Those failures are largely what made me a better problem-solver. They endowed me with a refusal to give up, which often trumps natural intuition.
I no longer understand my PhD dissertation (and what this means for Mathematics Education)
Junaid Mubeen

I am defending my PhD in just a little more than a week. I have been reflecting on this part of the math-doing processes a lot lately, especially as it pertains to teaching. I’ve been interested in experimenting with a “modern” teaching of mathematics (referencing the modernist movement in art and poetry). See, for example, the poem “Portrait of a Lady” by William Carlos Williams. The author here attempts to leave the work that goes into trying to describe the lady on the page, rather than giving us a finished, wrought piece of poetry.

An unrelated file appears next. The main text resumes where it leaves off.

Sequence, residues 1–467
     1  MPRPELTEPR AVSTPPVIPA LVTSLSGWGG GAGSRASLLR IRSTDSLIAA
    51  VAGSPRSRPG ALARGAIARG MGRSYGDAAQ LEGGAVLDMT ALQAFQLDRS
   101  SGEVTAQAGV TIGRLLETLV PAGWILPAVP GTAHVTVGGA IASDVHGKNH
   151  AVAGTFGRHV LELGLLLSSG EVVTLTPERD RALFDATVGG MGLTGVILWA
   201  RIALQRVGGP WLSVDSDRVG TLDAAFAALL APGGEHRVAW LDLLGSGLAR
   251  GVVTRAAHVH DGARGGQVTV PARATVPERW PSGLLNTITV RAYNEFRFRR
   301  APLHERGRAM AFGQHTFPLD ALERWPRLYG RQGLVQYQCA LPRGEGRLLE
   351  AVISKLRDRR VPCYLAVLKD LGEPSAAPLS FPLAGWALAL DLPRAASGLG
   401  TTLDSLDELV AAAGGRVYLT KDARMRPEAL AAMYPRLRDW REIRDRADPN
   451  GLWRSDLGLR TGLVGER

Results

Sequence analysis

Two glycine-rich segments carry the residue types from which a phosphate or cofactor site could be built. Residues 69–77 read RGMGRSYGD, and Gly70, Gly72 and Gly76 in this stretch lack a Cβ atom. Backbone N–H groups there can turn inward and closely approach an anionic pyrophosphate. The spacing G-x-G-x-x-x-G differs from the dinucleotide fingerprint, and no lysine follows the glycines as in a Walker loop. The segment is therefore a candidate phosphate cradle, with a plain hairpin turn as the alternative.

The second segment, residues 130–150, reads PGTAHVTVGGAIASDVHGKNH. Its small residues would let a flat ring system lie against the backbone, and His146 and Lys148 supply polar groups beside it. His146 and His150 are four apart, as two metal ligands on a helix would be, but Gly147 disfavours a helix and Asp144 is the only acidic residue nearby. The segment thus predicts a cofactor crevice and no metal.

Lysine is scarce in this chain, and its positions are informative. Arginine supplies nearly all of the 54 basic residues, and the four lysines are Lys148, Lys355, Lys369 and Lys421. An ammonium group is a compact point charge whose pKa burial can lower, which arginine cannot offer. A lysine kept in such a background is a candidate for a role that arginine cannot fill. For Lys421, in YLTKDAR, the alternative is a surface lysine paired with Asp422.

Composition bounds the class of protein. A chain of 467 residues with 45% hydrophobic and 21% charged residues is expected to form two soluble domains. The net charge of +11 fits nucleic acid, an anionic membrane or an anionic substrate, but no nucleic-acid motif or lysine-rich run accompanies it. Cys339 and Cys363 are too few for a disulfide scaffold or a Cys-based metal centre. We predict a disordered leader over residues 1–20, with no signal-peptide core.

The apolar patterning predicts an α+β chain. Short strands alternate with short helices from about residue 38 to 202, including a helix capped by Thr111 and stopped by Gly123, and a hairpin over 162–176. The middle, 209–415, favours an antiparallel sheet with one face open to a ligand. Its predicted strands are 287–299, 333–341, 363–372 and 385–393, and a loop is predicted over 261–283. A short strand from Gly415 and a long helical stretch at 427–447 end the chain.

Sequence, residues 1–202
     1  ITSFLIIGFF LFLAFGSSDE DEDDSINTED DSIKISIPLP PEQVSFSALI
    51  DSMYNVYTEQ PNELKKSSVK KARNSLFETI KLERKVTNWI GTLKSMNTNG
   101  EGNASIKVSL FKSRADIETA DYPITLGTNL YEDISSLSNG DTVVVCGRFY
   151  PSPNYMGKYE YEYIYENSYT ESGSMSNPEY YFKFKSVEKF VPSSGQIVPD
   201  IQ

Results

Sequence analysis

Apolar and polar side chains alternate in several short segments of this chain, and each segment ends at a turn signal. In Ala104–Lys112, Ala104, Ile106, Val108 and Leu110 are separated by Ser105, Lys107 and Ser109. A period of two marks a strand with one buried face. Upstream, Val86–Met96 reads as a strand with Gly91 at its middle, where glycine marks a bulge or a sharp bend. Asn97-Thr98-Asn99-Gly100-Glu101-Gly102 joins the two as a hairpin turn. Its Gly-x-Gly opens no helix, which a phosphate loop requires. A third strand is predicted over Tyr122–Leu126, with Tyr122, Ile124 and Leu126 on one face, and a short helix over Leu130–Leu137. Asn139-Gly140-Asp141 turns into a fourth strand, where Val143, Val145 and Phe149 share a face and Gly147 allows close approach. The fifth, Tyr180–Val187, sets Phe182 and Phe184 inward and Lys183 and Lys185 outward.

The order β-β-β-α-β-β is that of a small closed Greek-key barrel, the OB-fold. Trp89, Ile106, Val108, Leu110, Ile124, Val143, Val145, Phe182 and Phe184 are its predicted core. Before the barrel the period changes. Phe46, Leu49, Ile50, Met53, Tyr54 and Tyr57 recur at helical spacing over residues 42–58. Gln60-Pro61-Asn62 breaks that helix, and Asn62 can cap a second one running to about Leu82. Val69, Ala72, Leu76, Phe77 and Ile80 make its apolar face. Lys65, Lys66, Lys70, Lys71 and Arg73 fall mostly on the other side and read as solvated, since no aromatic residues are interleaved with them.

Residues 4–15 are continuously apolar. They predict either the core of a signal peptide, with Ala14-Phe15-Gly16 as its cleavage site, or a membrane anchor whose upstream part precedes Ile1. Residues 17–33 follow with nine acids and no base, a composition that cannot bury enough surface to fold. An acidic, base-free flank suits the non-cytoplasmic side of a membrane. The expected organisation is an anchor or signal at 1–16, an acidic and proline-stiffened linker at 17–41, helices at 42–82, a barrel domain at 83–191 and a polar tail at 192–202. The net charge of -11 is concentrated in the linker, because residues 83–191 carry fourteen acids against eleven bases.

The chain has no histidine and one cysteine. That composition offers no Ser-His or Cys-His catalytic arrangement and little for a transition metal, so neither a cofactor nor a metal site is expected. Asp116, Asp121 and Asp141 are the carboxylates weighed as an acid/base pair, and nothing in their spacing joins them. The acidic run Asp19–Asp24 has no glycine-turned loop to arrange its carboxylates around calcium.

I am currently toying with an idea. Next semester, when I teach Linear Algebra, I am thinking about assigning a proof that I don’t expect many students to complete, but as part of the assignment having them turn in their attempts, the ideas that didn’t work. I want to encourage students to try things that might be wrong rather than being worried about getting it perfect on the first try. I’d be interested to hear your thoughts!